Blake Ferguson blames mistaken identity for alleged assault

Rugby league star Blake Ferguson has apologised for an alleged indecent assault at a Cronulla nightclub, claiming it was a case of mistaken identity.

Giving evidence at a hearing at Sutherland Local Court on Wednesday, the former Canberra Raiders player said he touched the thigh of a blonde woman at the 2230 nightclub but he thought he was making advances at a woman he had kissed and touched earlier in the night at the Northies club.

Ferguson and former Raiders teammate Josh Dugan were celebrating their inclusion in the State of Origin side on June 16 with a night out that started at Northies and ended with the alleged assault at 2230.

CCTV footage from the club shows the pair drinking beers, hugging and talking to several women and posing for numerous photos.

About 10.30pm, he allegedly touched a young woman's genitals under her dress for about two seconds.

The footage does not clearly show the alleged assault but shows the alleged victim, a 23-year-old woman who cannot be named for legal reasons, pushing Ferguson away before going to speak to a male friend, Lee Strawbridge.

Ferguson said he had been hooking up with a blonde woman earlier in the night at Northies and told her to meet him at 2230 later.

"I always liked blonde girls because I lived in Cronulla for a long time," he said.

He said he was drunk and only touched the upper thigh of a blonde woman at 2230, thinking she was the same person.

"I would like to say sorry to [the victim], I would never touch her in a sexual way," he told the court. "I'm really sorry I mistaked [sic] her for the girl I hooked up with at Northies. I would never touch a girl like that if I didn't know them at an intimate level."

Prosecutor Rick Mansley accused him of making up the "mistaken identity" story in court, pointing out that he did not explain to anyone on the night that he thought she was someone else.

Ferguson said he was embarrassed and apologised to the woman's friends and shook Mr Strawbridge's hand but did not mention the mistaken identity explanation.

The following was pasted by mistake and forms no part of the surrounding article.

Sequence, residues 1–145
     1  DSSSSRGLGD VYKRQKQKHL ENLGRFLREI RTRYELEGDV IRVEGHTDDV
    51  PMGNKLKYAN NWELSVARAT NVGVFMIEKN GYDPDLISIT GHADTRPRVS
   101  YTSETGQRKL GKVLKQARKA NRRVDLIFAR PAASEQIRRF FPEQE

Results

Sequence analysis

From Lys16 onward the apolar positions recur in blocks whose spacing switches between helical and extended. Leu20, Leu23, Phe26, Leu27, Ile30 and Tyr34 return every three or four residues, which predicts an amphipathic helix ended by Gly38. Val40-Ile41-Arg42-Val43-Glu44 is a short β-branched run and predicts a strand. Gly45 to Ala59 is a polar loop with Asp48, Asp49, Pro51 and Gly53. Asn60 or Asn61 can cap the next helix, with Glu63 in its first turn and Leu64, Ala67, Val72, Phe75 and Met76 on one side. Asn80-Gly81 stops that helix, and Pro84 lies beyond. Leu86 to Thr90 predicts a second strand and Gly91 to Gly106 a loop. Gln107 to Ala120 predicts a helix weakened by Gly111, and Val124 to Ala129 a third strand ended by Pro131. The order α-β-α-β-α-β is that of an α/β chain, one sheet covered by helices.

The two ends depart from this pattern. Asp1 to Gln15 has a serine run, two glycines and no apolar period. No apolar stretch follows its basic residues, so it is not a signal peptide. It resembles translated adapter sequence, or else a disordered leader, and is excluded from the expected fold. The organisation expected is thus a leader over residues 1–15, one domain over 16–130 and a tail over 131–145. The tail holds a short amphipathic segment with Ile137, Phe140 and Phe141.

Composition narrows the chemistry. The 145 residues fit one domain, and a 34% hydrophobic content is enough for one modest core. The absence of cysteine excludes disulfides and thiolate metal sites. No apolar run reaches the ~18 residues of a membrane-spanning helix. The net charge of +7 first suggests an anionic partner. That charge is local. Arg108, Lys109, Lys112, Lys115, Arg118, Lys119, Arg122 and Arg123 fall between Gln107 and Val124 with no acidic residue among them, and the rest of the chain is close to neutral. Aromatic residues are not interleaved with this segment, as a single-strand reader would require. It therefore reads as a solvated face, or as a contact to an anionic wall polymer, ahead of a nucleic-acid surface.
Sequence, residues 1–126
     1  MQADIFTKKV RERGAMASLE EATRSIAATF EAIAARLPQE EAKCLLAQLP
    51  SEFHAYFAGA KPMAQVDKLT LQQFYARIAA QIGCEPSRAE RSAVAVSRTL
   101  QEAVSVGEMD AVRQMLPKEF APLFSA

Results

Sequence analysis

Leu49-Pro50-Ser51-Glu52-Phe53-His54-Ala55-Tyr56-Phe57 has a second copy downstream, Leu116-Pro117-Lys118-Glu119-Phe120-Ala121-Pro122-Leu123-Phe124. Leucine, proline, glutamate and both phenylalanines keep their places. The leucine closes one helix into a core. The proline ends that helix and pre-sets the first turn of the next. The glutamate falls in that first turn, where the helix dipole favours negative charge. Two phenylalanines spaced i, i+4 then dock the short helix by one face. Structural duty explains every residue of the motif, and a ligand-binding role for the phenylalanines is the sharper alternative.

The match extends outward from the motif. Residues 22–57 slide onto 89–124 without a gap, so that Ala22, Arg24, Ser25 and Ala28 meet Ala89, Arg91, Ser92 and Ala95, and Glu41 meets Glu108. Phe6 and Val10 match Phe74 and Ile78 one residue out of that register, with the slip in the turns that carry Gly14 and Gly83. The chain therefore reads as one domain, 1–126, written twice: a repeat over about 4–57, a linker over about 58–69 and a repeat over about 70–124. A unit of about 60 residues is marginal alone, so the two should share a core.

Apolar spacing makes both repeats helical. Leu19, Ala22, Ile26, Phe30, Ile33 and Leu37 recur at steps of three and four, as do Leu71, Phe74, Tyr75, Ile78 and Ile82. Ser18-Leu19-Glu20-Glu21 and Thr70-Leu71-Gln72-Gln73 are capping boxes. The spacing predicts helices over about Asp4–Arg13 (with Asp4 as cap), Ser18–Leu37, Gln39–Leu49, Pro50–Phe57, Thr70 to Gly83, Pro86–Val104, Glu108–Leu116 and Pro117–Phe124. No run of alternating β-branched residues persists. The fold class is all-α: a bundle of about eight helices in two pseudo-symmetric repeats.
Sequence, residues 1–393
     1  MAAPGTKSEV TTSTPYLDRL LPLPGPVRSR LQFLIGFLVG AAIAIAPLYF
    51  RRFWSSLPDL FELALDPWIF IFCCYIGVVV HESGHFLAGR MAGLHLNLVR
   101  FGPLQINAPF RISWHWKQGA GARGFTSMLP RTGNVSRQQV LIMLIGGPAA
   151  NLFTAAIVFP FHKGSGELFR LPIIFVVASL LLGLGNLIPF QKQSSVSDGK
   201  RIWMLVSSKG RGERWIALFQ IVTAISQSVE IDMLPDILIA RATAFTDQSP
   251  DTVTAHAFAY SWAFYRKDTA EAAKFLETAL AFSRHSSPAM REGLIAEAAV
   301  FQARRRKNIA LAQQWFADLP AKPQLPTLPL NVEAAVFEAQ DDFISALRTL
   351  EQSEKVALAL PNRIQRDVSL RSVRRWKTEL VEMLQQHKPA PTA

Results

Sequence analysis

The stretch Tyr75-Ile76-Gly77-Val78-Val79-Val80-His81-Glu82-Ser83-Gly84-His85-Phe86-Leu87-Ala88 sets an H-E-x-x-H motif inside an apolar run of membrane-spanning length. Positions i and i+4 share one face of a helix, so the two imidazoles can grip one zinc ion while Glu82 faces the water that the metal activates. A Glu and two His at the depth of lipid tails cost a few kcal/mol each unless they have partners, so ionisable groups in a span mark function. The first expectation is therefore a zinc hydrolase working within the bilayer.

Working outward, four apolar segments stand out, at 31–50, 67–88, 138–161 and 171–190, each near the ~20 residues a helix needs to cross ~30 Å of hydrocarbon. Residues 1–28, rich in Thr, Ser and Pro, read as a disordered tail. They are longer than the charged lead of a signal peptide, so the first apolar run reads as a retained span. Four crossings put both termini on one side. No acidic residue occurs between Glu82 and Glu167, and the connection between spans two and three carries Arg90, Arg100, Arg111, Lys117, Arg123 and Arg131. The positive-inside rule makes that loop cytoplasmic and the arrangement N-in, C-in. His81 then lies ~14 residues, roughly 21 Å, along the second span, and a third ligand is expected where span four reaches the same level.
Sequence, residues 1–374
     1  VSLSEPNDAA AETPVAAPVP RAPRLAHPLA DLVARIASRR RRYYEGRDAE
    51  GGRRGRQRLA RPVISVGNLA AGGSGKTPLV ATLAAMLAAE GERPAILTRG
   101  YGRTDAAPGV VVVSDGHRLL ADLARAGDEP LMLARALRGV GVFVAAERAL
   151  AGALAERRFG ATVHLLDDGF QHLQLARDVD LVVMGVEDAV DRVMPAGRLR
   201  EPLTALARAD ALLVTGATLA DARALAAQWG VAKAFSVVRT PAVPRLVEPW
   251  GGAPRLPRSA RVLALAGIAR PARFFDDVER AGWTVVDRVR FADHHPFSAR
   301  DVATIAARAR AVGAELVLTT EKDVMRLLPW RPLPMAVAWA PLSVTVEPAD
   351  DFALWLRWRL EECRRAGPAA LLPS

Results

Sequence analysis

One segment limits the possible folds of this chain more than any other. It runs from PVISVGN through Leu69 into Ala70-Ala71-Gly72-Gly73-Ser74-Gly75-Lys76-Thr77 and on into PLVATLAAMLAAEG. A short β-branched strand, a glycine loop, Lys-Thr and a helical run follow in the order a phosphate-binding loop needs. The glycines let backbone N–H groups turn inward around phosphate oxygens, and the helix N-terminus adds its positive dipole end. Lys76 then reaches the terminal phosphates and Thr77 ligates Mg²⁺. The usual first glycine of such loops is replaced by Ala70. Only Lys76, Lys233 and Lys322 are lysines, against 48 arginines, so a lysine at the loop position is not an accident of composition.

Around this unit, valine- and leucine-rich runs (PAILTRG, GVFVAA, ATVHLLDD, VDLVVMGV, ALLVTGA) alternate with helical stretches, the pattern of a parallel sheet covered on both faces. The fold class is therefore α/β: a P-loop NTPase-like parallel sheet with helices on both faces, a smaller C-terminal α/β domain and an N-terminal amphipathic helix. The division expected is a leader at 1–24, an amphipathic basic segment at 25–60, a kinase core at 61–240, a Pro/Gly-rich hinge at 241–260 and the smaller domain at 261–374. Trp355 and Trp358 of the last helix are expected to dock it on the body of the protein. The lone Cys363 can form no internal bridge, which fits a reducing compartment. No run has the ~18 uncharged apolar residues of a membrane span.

"They didn't want a bar of it," he said.

Ferguson also told the court he had struggled to deal with fame after being catapulted into professional rugby following a troubled upbringing.

He went to six schools paid for by his step-grandparents because his parents were both drug addicts.

"It was quite difficult getting, basically, girls thrown at me," he said. "I still haven't ... come to terms with all the attention with, like, photos and signatures and all that."

Dragons player Josh Dugan gave evidence that the pair were often mobbed by female fans.

["There is] no shortage of girls making advances at you?" defence lawyer Adam Houda asked Dugan.

"Not at all," he replied.

Mr Houda accused the victim of the alleged assault of taking advantage of Ferguson's fame and of having an unreliable memory of the incident because she was "highly intoxicated" from drinking three vodkas, one cider and two shots at Northies.

"I would say no because I drink water in between each drink I have," she said.

She told the court she did not know Ferguson was a high-profile rugby league player and did not see him having several photos taken or talking to her friends about State of Origin.

When she was later shown CCTV footage of her "photobombing" or jumping up behind a photo of Ferguson and Dugan, she maintained that she did not know he was famous.

She said she found out only when she went to the police station to report the incident that night.

Ferguson was dropped from the Origin squad and later from the Raiders for his off-field performance.

He has not found another club since.

The hearing continues.

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